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Stormont Executive has unity of purpose over how to tackle coronavirus, insists Foster and O'Neill

Arlene Foster and Michelle O'Neill have insisted they have "unity of purpose" over how to contain coronavirus.

Concerns were raised last week after the First and Deputy First Ministers clashed over which businesses could stay open.

At the daily briefing for the Stormont Executive yesterday, it was confirmed that 22 people have now died from coronavirus in Northern Ireland, with 533 confirmed cases.

A total of 54 people have died in the Irish Republic and there have been 2,910 confirmed cases.

Asked about tensions in the Executive, Ms O'Neill said there was "a difference of emphasis" on the best methods, but all five parties shared the same common goal of saving lives.

"When there's disagreement in the Executive (it's often) painted as an Orange versus Green, Sinn Fein versus DUP, London versus Dublin," she said.

"Can I say very clearly that's not the case, this is about what is the best action at the right time.

"How do we save lives? This is about adhering to the World Health Organisation's advice."

Mrs Foster added: "We all have a unity of purpose, which is to flatten the curve of infection so that less people have to be hospitalised and that the NHS will be able to deal with what is presented to them."

The latest progress, she said, included publishing a list of businesses which should close or stay open using strict social distancing measures.

She added that a forum representing business leaders, the PSNI, trade unions and others had met and would bring their concerns to the Executive.

She also warned that businesses who did not follow the rules would face "robust action" including the threat of closure.

"To those who are dragging their feet we say the time for excuses is long past and the community and this executive expects you to take action," she said.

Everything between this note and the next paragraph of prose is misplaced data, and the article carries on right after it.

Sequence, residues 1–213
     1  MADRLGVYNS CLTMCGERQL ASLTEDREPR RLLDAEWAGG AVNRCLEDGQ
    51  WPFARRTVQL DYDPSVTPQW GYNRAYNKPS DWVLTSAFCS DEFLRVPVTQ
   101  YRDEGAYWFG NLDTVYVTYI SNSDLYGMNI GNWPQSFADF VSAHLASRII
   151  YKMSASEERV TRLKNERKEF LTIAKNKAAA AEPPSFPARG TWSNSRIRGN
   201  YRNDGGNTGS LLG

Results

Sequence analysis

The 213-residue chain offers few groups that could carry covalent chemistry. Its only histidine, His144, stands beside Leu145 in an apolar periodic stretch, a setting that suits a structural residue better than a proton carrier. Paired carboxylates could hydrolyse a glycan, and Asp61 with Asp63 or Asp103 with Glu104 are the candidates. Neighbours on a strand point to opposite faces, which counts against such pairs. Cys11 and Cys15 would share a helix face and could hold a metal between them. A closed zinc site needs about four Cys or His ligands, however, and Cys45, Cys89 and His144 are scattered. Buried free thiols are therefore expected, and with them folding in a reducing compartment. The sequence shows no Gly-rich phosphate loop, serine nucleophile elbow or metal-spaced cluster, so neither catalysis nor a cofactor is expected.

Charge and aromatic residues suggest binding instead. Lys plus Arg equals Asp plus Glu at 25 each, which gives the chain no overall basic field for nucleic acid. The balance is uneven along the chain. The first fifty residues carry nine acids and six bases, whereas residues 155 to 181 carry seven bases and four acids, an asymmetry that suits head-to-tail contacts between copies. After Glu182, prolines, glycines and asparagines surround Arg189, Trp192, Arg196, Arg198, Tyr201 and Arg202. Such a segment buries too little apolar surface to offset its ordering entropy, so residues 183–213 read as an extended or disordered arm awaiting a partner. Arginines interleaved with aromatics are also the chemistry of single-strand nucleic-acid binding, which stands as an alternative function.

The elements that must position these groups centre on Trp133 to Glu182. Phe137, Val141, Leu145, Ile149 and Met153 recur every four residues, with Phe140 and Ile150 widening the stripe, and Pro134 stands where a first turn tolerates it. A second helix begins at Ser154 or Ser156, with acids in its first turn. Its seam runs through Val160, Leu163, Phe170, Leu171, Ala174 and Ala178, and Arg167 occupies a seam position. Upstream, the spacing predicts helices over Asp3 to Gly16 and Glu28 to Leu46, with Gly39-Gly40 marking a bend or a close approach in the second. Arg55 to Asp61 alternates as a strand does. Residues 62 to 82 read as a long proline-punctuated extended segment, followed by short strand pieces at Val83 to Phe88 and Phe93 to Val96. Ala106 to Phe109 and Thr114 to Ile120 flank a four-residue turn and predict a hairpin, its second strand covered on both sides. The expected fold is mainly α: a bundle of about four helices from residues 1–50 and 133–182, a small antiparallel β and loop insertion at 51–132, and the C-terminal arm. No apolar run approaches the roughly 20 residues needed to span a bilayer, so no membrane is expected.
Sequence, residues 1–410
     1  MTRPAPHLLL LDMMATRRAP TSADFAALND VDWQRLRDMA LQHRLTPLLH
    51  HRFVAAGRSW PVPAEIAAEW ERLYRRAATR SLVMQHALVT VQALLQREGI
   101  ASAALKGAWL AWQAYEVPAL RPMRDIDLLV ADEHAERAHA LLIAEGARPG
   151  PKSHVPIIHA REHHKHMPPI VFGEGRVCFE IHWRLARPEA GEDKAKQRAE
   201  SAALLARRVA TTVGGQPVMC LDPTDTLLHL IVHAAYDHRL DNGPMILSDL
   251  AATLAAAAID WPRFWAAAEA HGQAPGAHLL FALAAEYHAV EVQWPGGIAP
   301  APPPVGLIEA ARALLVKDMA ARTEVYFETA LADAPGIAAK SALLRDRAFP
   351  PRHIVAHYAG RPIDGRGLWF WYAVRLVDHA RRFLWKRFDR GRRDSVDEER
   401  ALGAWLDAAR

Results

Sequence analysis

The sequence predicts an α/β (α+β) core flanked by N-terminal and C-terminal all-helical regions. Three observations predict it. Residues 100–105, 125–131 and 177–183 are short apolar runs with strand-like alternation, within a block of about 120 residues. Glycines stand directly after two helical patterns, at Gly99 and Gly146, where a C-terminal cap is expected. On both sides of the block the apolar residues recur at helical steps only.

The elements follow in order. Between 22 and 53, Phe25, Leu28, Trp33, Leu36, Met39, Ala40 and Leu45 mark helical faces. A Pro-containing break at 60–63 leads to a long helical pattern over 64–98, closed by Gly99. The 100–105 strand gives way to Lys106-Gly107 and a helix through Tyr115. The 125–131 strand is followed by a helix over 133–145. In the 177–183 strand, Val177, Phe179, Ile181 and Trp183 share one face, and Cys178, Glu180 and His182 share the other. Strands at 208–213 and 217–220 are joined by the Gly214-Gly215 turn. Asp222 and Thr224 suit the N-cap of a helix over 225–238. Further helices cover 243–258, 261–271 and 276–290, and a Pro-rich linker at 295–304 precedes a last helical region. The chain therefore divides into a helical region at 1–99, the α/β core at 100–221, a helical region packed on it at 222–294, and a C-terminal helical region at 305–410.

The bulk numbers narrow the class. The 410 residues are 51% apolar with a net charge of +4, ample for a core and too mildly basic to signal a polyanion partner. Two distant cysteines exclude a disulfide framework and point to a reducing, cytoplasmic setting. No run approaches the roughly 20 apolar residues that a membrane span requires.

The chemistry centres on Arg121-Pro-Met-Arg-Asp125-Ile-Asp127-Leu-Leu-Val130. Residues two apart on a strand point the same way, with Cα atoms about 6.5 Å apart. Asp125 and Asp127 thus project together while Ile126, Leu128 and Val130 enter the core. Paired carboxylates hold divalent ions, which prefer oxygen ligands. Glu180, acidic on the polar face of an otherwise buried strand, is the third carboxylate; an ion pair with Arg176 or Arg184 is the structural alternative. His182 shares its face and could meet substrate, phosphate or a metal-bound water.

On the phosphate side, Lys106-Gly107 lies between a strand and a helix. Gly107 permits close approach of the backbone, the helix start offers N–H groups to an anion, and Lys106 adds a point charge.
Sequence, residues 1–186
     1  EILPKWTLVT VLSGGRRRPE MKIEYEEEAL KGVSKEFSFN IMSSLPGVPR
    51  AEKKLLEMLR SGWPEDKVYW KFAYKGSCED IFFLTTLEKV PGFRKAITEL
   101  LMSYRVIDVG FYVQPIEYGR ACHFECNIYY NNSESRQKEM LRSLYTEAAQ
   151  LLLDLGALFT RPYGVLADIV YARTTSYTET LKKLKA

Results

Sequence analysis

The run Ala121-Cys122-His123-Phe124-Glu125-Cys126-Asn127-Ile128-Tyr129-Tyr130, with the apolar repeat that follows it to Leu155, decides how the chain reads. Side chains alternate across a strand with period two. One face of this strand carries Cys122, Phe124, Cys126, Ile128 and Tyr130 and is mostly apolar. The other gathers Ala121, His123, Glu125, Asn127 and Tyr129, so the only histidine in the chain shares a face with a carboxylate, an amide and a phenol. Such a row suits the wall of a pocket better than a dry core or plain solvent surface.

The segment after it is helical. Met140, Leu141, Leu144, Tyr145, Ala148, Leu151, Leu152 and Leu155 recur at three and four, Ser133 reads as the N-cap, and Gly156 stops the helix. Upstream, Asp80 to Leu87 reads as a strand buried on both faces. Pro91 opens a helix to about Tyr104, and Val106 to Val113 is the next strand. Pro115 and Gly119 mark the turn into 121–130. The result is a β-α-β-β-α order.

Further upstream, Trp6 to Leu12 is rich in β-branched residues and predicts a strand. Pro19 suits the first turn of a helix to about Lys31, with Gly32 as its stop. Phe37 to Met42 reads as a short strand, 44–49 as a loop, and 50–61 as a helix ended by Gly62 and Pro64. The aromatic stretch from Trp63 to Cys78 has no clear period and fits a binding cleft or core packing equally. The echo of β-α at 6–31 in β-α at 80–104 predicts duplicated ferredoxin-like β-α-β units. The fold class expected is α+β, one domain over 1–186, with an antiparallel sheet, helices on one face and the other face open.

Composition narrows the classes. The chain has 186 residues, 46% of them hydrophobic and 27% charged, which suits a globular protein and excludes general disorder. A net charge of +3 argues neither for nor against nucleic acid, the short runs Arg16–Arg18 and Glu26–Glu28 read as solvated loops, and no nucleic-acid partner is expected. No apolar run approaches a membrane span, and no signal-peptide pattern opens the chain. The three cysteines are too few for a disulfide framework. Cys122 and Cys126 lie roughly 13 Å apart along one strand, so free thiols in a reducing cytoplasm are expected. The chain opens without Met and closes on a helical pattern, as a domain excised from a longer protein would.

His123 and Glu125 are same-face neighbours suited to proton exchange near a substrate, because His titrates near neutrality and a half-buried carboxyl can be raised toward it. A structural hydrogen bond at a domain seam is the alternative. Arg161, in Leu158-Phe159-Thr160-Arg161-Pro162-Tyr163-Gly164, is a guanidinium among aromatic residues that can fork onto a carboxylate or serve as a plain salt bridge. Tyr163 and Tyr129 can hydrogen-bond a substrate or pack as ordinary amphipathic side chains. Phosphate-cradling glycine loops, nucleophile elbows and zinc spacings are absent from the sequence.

"As Covid-19 wreaks havoc we don't have the luxury of time, and please, please don't unnecessarily place your staff and the wider public at risk."

Asked about whether Northern Ireland would need to build a field hospital, such as the Nightingale Hospital in London, she said the Health Minister Robin Swann was still reviewing the situation.

Ms O'Neill said many families were facing "harrowing" times as the virus spreads.

"I want to send my sympathies to those families who are bereaved at this time, and I think we all need to take a minute just to think about those people who are bereaved through this disease and what they're going through at this terrible time," she said.

"Not only are they dealing with the loss of their loved one, but their pain is also compounded by the fact that they're not being able to grieve in ways which they normally would."

These include people not being able to be with loved ones when they died or attend a funeral. "This is the sad but painful reality of what we're dealing with. Unfortunately this is real life for us all now and the actions of each and every one of us matters."

She added: "Saving lives is the number one priority for the Executive in this crisis. And through this unity of purpose, shared leadership and collective responsibility we are taking action every hour of every day to deal with what is an unfolding situation."

This included a "comprehensive" public information campaign as well as Executive ministers working over the weekend to agree regulations and an enforcement regime. Ministers from Stormont and the Irish Government are also to meet today to agree common practices.

Meanwhile, the Department of Health said the expansion of Primary Care centres for coronavirus in Northern Ireland was continuing. Last week the first GP-led centre opened in Londonderry with more opening yesterday in Belfast, Dungannon and Banbridge. Further centres are set to open this week in Antrim, Coleraine, Newtownards, Lisburn, Downpatrick and Enniskillen.

The centres have been "rapidly established" in each Trust area to help ease the pressure on GPs.

This allows patients with symptoms to be separated from those with non Covid-19 related conditions.

A statement from the Department said the measures were "essential" to allow GP services to function in the coming months.

It was explained the centres are not testing, but for unwell patients with suspected coronavirus symptoms who require medical attention.

Patients are not allowed to attend unless they have been referred by their GP. Those attending will receive treatment and will be sent on to hospital if necessary.

Belfast Telegraph